, then so is the ultraproduct.

An ultrapower is an ultraproduct for which all the factors Mi are equal:

More generally, the construction above can be carried out whenever U is a filter
Filter (mathematics)
In mathematics, a filter is a special subset of a partially ordered set. A frequently used special case is the situation that the ordered set under consideration is just the power set of some set, ordered by set inclusion. Filters appear in order and lattice theory, but can also be found in...

 on I; the resulting model is then called a reduced product.


The hyperreal numbers are the ultraproduct of one copy of the real numbers for every natural number, with regard to an ultrafilter over the natural numbers containing all cofinite sets. Their order is the extension of the order of the real numbers. For example, the sequence ω given by ωi = i defines an equivalence class representing a hyperreal number that is greater than any real number.

Analogously, one can define nonstandard integers, nonstandard complex numbers, etc., by taking the ultraproduct of copies of the corresponding structures.

As an example of the carrying over of relations into the ultraproduct, consider the sequence ψ defined by ψi = 2i. Because ψi > ωi = i for all i, it follows that the equivalence class of ψi = 2i is greater than the equivalence class of ωi = i, so that it can be interpreted as an infinite number which is greater than the one originally constructed. However, let χi = i for i not equal to 7, but χ7 = 8. The set of indices on which ω and χ agree is a member of any ultrafilter (because ω and χ agree almost everywhere), so ω and χ belong to the same equivalence class.

In the theory of large cardinals, a standard construction is to take the ultraproduct of the whole set-theoretic universe with respect to some carefully chosen ultrafilter U. Properties of this ultrafilter U have a strong influence on (higher order) properties of the ultraproduct; for example, if U is σ-complete, then the ultraproduct will again be well-founded. (See measurable cardinal
Measurable cardinal
- Measurable :Formally, a measurable cardinal is an uncountable cardinal number κ such that there exists a κ-additive, non-trivial, 0-1-valued measure on the power set of κ...

 for the prototypical example.)

Łoś's theorem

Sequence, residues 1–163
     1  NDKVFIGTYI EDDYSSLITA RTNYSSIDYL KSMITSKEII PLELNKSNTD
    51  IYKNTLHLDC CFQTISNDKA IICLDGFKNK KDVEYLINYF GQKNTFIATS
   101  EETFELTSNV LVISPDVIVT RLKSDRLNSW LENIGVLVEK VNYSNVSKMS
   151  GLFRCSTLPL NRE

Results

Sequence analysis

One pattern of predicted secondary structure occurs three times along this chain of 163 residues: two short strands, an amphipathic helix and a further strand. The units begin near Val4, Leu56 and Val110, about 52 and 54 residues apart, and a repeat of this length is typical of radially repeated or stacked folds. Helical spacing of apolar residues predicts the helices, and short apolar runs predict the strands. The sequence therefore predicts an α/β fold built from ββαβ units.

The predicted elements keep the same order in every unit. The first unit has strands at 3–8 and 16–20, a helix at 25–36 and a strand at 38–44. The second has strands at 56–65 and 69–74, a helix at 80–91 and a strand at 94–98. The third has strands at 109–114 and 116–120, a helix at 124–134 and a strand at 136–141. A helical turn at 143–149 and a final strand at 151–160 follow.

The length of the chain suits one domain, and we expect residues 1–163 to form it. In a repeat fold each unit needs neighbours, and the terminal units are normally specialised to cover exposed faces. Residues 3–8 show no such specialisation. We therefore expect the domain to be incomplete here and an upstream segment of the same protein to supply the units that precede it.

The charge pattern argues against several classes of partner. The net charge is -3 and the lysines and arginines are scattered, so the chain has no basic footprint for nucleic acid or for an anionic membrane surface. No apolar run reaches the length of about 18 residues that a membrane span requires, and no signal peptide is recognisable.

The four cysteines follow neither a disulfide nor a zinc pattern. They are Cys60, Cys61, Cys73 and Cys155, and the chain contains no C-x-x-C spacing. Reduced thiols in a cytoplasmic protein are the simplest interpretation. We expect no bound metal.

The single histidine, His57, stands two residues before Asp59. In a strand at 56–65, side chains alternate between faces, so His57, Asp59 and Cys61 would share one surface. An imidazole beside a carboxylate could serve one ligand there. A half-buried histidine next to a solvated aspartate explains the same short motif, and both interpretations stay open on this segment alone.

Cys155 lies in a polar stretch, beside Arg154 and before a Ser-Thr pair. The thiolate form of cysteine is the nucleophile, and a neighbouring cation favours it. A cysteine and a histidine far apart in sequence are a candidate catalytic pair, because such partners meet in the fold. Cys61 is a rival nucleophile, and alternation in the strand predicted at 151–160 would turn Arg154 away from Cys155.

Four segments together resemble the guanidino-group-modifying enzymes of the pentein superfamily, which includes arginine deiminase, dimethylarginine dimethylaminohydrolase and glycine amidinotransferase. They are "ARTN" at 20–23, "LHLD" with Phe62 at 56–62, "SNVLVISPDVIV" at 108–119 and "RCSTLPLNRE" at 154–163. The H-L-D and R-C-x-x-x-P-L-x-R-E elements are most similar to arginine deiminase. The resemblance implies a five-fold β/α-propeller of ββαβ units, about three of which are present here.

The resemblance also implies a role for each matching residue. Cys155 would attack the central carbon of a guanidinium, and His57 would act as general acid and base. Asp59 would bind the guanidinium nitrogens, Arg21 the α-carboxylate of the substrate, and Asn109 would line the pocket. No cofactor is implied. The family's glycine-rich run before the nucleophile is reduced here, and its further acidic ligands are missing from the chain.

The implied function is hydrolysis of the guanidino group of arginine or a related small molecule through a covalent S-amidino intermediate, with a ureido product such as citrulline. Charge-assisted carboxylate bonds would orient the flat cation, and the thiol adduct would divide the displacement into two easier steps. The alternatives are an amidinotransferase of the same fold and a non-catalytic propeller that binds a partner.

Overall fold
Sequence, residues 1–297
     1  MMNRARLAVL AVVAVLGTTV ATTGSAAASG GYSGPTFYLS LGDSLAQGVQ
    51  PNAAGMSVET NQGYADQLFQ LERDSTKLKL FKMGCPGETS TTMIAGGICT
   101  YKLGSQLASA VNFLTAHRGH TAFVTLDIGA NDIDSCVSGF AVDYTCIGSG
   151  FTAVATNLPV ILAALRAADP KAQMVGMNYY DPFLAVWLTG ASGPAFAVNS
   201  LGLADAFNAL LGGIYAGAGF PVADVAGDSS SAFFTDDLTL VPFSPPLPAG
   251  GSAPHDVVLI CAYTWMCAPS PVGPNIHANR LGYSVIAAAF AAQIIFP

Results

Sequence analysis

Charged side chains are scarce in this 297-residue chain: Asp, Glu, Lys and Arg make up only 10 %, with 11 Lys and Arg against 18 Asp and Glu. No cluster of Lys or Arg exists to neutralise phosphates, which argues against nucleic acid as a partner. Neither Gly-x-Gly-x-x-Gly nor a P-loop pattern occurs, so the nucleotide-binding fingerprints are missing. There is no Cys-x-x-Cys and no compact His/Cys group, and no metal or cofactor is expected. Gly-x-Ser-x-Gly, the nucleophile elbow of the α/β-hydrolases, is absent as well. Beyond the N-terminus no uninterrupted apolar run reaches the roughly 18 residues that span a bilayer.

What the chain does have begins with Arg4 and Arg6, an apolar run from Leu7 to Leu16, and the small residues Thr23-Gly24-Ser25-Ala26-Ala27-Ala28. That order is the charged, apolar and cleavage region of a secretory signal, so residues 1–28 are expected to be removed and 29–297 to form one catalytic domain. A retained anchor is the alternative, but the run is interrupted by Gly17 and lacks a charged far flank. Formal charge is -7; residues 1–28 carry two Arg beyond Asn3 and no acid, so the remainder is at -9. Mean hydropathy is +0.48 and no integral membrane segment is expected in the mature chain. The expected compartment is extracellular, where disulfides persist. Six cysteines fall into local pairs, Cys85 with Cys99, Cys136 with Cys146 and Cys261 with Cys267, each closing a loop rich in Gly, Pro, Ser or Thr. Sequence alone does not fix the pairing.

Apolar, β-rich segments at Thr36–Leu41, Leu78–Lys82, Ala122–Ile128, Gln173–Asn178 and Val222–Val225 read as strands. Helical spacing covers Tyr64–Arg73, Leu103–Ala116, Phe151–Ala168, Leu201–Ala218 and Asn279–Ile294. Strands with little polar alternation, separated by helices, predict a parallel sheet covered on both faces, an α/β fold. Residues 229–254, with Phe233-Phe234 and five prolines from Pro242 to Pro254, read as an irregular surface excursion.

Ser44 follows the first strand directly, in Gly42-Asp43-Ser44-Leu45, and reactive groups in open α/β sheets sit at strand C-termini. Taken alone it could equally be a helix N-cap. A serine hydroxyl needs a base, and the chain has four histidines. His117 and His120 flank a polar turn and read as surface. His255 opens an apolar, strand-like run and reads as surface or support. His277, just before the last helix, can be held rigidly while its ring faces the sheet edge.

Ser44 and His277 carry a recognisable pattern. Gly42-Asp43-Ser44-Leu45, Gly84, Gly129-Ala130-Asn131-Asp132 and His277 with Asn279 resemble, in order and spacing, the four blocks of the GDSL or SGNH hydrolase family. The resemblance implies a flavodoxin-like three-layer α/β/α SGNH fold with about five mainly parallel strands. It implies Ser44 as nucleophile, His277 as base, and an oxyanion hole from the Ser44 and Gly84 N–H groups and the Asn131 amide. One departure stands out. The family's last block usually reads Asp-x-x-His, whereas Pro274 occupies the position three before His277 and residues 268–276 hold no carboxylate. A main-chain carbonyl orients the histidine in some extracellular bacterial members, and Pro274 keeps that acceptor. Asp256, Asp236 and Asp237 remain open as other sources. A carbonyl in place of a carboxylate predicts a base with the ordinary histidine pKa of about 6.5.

Łoś's theorem, also called the fundamental theorem of ultraproducts, is due to Jerzy Łoś (the surname is pronounced ˈwɔɕ, approximately "wash"). It states that any first-order formula is true in the ultraproduct if and only if the set of indices i such that the formula is true in Mi is a member of U. More precisely:

Let σ be a signature, an ultrafilter over a set , and for each let be a σ-structure. Let be the ultraproduct of the with respect to , that is, Then, for each , where , and for every σ-formula ,

The theorem is proved by induction on the complexity of the formula . The fact that is an ultrafilter (and not just a filter) is used in the negation clause, and the axiom of choice is needed at the existential quantifier step. As an application, one obtains the transfer theorem
Transfer principle
In model theory, a transfer principle states that all statements of some language that are true for some structure are true for another structure...

 for hyperreal fields
Hyperreal number
The system of hyperreal numbers represents a rigorous method of treating the infinite and infinitesimal quantities. The hyperreals, or nonstandard reals, *R, are an extension of the real numbers R that contains numbers greater than anything of the form1 + 1 + \cdots + 1. \, Such a number is...



Let R be a unary relation in the structure M, and form the ultrapower of M. Then the set has an analog *S in the ultrapower, and first-order formulas involving S are also valid for *S. For example, let M be the reals, and let Rx hold if x is a rational number. Then in M we can say that for any pair of rationals x and y, there exists another number z such that z is not rational, and x < z < y. Since this can be translated into a first-order logical formula in the relevant formal language, Łoś's theorem implies that *S has the same property. That is, we can define a notion of the hyperrational numbers, which are a subset of the hyperreals, and they have the same first-order properties as the rationals.

Consider, however, the Archimedean property
Archimedean property
In abstract algebra and analysis, the Archimedean property, named after the ancient Greek mathematician Archimedes of Syracuse, is a property held by some ordered or normed groups, fields, and other algebraic structures. Roughly speaking, it is the property of having no infinitely large or...

 of the reals, which states that there is no real number x such that x > 1, x > 1 +1 , x > 1 + 1 + 1, ... for every inequality in the infinite list. Łoś's theorem does not apply to the Archimedean property, because the Archimedean property cannot be stated in first-order logic. In fact, the Archimedean property is false for the hyperreals, as shown by the construction of the hyperreal number ω above.


For the ultraproduct of a sequence of metric spaces, see Ultralimit
In mathematics, an ultralimit is a geometric construction that assigns to a sequence of metric spaces Xn a limiting metric space. The notion of an ultralimit captures the limiting behavior of finite configurations in the spaces Xn and uses an ultrafilter to avoid the process of repeatedly passing...


In model theory
Model theory
In mathematics, model theory is the study of mathematical structures using tools from mathematical logic....

 and set theory
Set theory
Set theory is the branch of mathematics that studies sets, which are collections of objects. Although any type of object can be collected into a set, set theory is applied most often to objects that are relevant to mathematics...

, an ultralimit or limiting ultrapower is a direct limit
Direct limit
In mathematics, a direct limit is a colimit of a "directed family of objects". We will first give the definition for algebraic structures like groups and modules, and then the general definition which can be used in any category.- Algebraic objects :In this section objects are understood to be...

of a sequence of ultrapowers.

Beginning with a structure, A0, and an ultrafilter, D0, form an ultrapower, A1. Then repeat the process to form A2, and so forth. For each n there is a canonical diagonal embedding . At limit stages, such as Aω, form the direct limit of earlier stages. One may continue into the transfinite.